It’s time for London to get smart

According to this entrepreneur

When my grandparents traded the arid Cypriot hills for a new life in London during the 50s, they were no doubt bowled over by the modern metropolis they would now call home. The inter-village donkey rides were upgraded to trips on the Underground, evening games of backgammon were replaced by visits to a state-of-the-art Cineplex, and the quiet stillness of village life was ceded for the vibrant neon of Piccadilly Circus.  

Yet, half-a-century later and visitors from overseas may be left questioning London’s supposed technological and infrastructural superiority. Whilst still a vital and much-loved service, our Underground falls behind the spacious and Wi-Fi enabled carriages of Seoul’s Metro.

Our suburban rail services are woefully inadequate compared to the pinpoint punctuality of Tokyo’s transit system. And Nairobi’s almost-cashless economy is a sign of things to come in London, but is still something that is far from fruition.

As one of the truly great cities of the world, it is only fair that we ask questions of why London’s innovation appears to have stalled over recent years. With Brexit looming, it is vitally important that London sends a message to the world that we are still a city of innovation and ideas. Under Sadiq Khan, TfL’s decision not to renew Uber’s license is sending the wrong message.

Our city has one of the fastest growing economies of all the Western global cities. We should match this success with an ambition that befits the kind of city we all want London to be.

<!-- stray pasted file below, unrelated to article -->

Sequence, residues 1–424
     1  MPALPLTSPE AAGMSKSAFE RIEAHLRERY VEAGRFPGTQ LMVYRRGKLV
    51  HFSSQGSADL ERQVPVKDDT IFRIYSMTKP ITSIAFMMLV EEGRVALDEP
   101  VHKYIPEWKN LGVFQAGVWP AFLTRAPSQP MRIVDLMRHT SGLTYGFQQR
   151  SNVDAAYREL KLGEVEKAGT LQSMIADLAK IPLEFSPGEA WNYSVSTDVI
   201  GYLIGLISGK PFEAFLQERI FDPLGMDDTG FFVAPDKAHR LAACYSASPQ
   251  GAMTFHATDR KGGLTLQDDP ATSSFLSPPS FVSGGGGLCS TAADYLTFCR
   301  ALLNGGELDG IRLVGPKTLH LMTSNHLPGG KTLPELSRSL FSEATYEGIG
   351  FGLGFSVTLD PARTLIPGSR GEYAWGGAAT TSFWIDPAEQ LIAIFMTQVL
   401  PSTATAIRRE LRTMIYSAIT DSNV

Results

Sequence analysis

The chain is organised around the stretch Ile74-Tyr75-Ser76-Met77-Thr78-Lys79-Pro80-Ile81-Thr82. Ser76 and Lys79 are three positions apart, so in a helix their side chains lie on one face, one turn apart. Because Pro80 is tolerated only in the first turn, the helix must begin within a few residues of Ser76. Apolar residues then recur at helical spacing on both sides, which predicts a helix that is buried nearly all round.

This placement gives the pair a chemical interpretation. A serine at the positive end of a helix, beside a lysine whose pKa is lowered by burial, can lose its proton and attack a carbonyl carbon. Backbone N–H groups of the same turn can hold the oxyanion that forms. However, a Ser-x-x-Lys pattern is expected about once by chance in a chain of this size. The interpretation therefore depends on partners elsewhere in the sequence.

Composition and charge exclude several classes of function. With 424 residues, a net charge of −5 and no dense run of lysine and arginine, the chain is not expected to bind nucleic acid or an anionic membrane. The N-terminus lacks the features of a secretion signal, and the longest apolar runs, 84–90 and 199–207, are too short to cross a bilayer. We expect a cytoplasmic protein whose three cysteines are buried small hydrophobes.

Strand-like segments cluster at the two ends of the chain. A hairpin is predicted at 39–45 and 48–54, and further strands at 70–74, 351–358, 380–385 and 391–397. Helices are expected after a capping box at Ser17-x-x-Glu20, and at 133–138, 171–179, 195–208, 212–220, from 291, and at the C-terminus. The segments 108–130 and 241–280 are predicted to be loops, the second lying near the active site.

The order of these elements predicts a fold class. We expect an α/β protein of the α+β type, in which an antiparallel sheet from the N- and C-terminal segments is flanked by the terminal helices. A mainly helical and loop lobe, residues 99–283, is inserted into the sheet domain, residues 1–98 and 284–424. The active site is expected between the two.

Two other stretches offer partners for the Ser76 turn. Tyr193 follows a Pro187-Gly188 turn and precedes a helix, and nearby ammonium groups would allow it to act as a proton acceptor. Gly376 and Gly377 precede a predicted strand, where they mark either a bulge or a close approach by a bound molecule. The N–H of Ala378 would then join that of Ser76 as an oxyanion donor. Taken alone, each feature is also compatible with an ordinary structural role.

Let’s become more vertically aggressive and build the towering skyscrapers that will add to the housing stock and drive down the cost of rent for small businesses. Let’s expand the ‘Boris Bikes’ scheme to include electric bicycles for use on longer rides that gets commuters out of polluting vehicles that clog up the roads.

Let’s create a City Hall-guaranteed online platform that enables like-minded aspiring homeowners to match and pool resources, making it easier to get onto the property ladder. London is no ordinary city, so why should we be satisfied with ordinary policies to bring us into the future?

As always, we must ensure sensible and sound fiscal behaviour, but with London’s economic dominance and the country’s changing relationship with Europe, now is the time for City Hall to think like a start-up and unlock the potential that is clear for everyone to see. 

Leon Emirali is an entrepreneur and investor and is standing for the Conservatives in next year’s London council elections. Follow him on Instagram and Twitter @LeonEmirali.

Social Bookmarks